MSD has been a global health care leader working to help the world be well with a tradename of Merck & Co., Inc. Through their prescription medicines, vaccines, biologic therapies, and animal health products, we work with customers and operate in more than 140 countries to deliver innovative health solutions. Also their commitment is to increase access to healthcare through far-reaching policies, programs and partnerships. Last August 30, 2016, MSD held an event to commemorate adolescent immunization month as well as mark 10 years of HPV prevention in the Philippines. In his opening remarks, Dr. Cesar Recto II, Medical Director of MSD in the Philippines pointed out that they have tirelessly worked with healthcare providers, the Department of Health, medical societies, cancer support groups, as well as media, and other civic organizations to increase awareness about HPV.
In the Philippines, about 2,800 women die of cervical cancer each year. That translates to roughly 7 women dying every day from cervical cancer. Although awareness on HPV as a cause of cervical cancer has grown over the last decade, there is still a lack of understanding of other HPV-related diseases and how these can affect adolescent Filipinos. It is critical to continue to spread education in the country on the perils of HPV and the importance of vaccination.
The event featured presentations from experts: Dr. Cecilia Ladines-Llave, a practicing Gynecologic Oncologist at the Department of Obstetrics and Gynecology, UP PGH, former chief of the Gynecologic Oncology Unit of the Asian Hospital and Medical Center and Asian Cancer Institute, and chair of Asian Gynecology and Oncology Group (AGOG) and Dr. May Montellano, President of the Philippine Foundation for Vaccination and a pediatric infectious disease specialist. Who
explained key facts about HPV including prevalence in the country, complications, and prevention.
Dr. Cecilia Ladines-Llave discussed the HPV-related cancers and genital warts
HPV (human papillomavirus) is a virus that can affect both females and males. It is the most common viral infection of the human reproductive tract. There are more than 100 types of HPV and approximately 40 types can affect the genital area, 15 to 20 of those are high-risk types that can cause cancers, while the other 10 to 15 other types are responsible for benign HPV-related diseases including genital warts. “Besides various cancers, HPV can also cause genital warts. Studies show that if a person has had genital warts, they will have an increased risk for HPV-related cancers as they grow older,” explained Dr. Cecilia Ladines-Llave.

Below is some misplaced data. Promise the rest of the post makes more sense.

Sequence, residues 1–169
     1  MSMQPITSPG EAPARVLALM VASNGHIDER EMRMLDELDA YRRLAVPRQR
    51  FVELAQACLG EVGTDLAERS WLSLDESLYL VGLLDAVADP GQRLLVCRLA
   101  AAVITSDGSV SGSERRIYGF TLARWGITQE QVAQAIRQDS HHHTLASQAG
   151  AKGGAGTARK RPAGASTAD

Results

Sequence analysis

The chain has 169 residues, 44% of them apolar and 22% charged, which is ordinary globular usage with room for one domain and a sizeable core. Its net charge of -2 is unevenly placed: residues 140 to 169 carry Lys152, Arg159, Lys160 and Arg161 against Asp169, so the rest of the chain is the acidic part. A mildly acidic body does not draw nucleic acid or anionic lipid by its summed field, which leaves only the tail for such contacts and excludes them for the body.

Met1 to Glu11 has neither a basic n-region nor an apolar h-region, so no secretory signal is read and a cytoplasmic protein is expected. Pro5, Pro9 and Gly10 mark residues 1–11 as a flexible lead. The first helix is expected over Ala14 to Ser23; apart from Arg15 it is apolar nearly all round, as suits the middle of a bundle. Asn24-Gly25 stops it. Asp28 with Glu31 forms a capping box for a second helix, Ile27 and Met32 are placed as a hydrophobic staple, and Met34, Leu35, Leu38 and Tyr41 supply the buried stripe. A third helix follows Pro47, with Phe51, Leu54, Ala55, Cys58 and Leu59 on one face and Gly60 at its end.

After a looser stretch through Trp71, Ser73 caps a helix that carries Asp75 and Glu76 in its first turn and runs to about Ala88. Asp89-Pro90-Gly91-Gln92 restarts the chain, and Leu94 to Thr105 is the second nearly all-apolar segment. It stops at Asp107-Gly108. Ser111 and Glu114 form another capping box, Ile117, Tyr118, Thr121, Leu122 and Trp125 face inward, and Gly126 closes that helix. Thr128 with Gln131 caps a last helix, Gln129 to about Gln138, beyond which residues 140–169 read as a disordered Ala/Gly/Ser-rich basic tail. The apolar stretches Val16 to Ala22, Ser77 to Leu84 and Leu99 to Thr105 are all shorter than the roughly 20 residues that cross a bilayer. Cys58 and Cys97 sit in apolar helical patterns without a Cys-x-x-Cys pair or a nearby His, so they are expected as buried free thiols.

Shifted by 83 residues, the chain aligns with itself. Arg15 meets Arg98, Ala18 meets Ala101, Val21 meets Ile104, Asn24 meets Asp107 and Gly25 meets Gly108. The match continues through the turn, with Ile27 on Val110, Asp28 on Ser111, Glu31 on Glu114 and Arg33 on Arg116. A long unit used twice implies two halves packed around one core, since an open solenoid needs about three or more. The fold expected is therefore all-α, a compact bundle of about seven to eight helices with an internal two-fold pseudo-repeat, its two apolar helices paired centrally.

Dr. Llave further clarified that while HPV is widely known to cause cervical cancer among females, there are certain types of HPV that can cause head, neck, anal, and penile cancers among males as well. Dr. Llave stressed that it is important for parents to consult their doctors on how to best protect their adolescent children, both females and males, against HPV diseases before they are even exposed to them.
Dr. May Montellano discussed the Protecting against HPV-related diseases
The primary prevention for HPV is HPV vaccination. Bivalent and quadrivalent HPV vaccines are available in the Philippines. The quadrivalent HPV vaccine helps provide protection against HPV types 6, 11, 16, and 18. It has undergone efficacy and safety trials similar to those given to other routine adolescent vaccinations. It can be administered to children as young as 9 years old.
HPV vaccination works best in children from the age of 9 because pre-teens have a higher immune response to the vaccine versus older individuals. Despite the possibility that they won’t be exposed to HPV at such a young age, it is already recommended that HPV vaccination be administered as the risk of exposure increases rapidly.
“We don’t wait until exposure occurs to give any other routinely recommended vaccine,” explained Dr. May Montellano. “We want children to be protected long before they are even at risk of exposure to HPV. HPV often has no visible signs or symptoms, so as a parent, you will not know if your child is exposed to it. There’s no way to predict who will or who won’t clear the virus. It is important that you understand how HPV-related diseases can affect your daughters and sons.”
Dr. Beaver Tamesis, Managing Director of MSD in the Philippines, stressed that with the likely underestimated prevalence of HPV in the Philippines, it is imperative that more Filipinos are informed of the benefits that vaccination can offer when it comes to protecting against HPV- related illnesses and cancers.
For more information, visit www.msd.com.